Farmers’ Market

One of my favorite things to do with my family is visiting market halls and open-air farmers’ markets. I love the idea that many food vendors prepare their artisan cuisine on site using fresh ingredients produced by local farmers. I appreciate the abundance and the variety. Plus, I love the possibility of discovering something new.

I’ll never forget the time I went with François, Rachael, and their boys to the Sunday Farmers’ Market in Tournefeuille (about 12 km/7.46 miles from Toulouse in southwest France). In addition to food grown locally, the market featured produce from other countries in Europe, as well as Asia, and Africa. Talk about a treat for the senses!

I marveled at all kinds of marinated olives from Morocco…

There were organic Medjool dates from Israel, fennel from Italy, and dried apricots from Tunisia. I also saw deep purple eggplants, bright green avocados, and Napa cabbage from Spain.

I heard the tapping noise of a steel skimmer spoon as the chef scooped a generous portion of his aromatic paella from a 3-foot wide pan into a paper container for a customer…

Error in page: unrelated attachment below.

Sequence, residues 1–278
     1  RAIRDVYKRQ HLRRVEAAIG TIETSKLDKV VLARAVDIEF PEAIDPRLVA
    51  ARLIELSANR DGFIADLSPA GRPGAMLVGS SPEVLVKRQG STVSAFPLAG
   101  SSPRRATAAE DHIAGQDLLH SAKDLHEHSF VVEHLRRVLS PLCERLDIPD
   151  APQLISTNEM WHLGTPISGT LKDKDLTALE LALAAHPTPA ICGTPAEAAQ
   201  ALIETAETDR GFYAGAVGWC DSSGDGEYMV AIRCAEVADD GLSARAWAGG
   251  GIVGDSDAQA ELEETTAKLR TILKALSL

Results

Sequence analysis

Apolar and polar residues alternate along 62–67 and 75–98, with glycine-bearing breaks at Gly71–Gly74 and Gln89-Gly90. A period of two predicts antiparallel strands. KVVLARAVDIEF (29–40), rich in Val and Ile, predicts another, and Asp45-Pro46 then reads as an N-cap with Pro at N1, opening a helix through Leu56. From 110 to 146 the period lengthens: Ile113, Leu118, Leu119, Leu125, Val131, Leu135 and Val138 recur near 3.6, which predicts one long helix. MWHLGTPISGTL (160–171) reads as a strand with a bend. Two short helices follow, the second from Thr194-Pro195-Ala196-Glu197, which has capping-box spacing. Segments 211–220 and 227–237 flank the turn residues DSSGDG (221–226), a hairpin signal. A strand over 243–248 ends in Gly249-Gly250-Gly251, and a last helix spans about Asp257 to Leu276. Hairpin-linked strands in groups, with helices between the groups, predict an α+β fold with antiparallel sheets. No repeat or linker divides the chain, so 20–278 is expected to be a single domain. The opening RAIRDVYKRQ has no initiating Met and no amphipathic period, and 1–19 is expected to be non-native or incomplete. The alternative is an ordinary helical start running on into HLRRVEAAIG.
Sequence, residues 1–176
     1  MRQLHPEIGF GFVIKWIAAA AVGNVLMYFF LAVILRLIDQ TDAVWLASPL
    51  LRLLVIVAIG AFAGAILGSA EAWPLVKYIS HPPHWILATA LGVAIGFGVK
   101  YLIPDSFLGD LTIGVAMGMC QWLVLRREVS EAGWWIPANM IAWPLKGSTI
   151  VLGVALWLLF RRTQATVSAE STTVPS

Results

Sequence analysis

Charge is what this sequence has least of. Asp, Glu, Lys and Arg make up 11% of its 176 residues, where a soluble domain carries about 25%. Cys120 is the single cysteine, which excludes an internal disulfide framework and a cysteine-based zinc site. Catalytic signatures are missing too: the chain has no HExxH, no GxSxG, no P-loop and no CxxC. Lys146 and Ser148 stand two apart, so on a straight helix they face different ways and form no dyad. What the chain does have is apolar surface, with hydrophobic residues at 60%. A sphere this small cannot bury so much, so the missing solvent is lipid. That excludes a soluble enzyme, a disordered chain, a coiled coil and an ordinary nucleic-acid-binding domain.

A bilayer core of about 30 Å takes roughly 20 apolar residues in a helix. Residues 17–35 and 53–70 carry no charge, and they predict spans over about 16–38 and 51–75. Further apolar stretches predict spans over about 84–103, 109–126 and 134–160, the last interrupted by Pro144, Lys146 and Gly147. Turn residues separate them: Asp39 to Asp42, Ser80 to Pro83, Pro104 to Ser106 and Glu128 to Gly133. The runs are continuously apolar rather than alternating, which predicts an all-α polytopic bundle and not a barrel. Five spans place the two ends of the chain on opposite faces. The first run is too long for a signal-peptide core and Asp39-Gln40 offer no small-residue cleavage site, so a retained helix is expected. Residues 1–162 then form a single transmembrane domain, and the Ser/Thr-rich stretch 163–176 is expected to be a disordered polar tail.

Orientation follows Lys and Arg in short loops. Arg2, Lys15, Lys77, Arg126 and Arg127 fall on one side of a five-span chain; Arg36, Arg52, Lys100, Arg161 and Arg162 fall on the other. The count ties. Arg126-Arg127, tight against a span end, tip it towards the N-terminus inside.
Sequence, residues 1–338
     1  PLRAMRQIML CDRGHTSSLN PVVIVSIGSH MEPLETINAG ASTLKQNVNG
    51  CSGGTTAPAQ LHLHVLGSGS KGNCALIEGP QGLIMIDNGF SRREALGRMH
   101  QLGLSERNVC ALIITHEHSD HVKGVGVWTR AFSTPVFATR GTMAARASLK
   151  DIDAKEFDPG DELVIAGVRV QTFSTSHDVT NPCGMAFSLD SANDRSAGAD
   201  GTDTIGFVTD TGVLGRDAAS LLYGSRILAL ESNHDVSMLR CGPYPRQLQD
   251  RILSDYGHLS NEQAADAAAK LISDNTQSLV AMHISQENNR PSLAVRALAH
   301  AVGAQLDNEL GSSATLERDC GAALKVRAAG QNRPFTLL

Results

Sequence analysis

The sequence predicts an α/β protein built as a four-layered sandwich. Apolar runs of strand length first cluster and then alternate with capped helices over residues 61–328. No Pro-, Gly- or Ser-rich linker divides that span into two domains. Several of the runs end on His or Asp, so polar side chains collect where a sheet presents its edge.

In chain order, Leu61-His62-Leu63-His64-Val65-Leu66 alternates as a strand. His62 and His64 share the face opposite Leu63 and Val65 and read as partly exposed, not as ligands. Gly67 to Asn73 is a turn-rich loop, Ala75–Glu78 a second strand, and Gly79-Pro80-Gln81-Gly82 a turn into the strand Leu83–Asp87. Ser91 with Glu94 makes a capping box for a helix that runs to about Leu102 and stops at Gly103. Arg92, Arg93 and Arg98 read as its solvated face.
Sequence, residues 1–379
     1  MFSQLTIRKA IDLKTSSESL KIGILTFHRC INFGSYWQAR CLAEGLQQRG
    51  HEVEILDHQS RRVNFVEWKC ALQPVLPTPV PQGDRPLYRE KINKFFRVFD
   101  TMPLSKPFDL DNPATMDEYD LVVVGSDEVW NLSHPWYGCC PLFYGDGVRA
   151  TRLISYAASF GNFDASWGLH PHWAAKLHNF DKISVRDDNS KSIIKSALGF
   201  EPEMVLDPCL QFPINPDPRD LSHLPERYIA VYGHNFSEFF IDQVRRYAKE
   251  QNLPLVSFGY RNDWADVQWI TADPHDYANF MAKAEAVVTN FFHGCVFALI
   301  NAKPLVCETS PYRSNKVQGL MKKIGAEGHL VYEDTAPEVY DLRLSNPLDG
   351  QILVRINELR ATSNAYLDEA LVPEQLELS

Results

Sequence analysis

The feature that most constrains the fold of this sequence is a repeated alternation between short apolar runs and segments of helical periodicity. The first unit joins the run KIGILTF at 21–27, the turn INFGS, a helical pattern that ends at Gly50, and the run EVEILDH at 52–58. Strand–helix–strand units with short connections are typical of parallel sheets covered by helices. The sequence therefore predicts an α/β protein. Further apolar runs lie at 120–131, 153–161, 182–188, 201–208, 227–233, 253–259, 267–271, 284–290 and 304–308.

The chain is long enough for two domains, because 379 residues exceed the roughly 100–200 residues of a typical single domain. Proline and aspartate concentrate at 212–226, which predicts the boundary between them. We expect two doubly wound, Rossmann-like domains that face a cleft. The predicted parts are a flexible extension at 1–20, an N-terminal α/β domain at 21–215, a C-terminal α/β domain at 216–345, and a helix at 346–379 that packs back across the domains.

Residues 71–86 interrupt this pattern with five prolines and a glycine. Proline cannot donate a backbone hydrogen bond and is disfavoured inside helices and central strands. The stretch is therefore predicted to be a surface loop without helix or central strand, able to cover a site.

I was mesmerized by the machine making radiatori pasta. François got some fresh mushroom ravioli, which he made with a rich and creamy Parmesan sauce for dinner that evening.

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I remember seeing jars of what looked like foie gras (fatty liver of duck or goose) and feeling a bit guilty. I know I shouldn’t have felt bad since the delicacy is not banned in France like it is in California. On the other hand, seeing the French-style salami had me hankering for a saucisson-beurre-cornichon (sausage, butter, and mini pickle) sandwich!

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One of the things I enjoy most at farmers’ markets is the aroma of fresh baked bread. When I noticed the man selling fresh baked baguettes and pastries had one chocolate croissant left, I had to have it!

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For breakfast, I usually have yogurt, a banana, and dark roast coffee with a splash of half-and-half. When I want to treat myself, I have a butter croissant. And when I really want to be indulgent, I have a chocolate croissant. I learned that, in France, these goodies are called different names depending on the region.

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From the book, Atlas du français de nos régions by Armand Colin (2017)

pain au chocolat in Paris

So when I ordered the chocolate croissant, I was delighted to ask for it by name the Toulousain way: Je voudrais une chocolatine, s’il vous plaît!

chocolatine from Toulouse

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